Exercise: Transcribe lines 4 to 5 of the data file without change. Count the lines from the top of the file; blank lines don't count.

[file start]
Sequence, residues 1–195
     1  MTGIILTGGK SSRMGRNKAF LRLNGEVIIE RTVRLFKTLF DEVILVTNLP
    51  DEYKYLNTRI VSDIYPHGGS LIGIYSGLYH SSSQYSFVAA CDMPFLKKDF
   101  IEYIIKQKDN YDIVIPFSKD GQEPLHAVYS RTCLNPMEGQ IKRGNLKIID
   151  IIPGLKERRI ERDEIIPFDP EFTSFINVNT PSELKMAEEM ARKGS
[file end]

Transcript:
   101  IEYIIKQKDN YDIVIPFSKD GQEPLHAVYS RTCLNPMEGQ IKRGNLKIID
   151  IIPGLKERRI ERDEIIPFDP EFTSFINVNT PSELKMAEEM ARKGS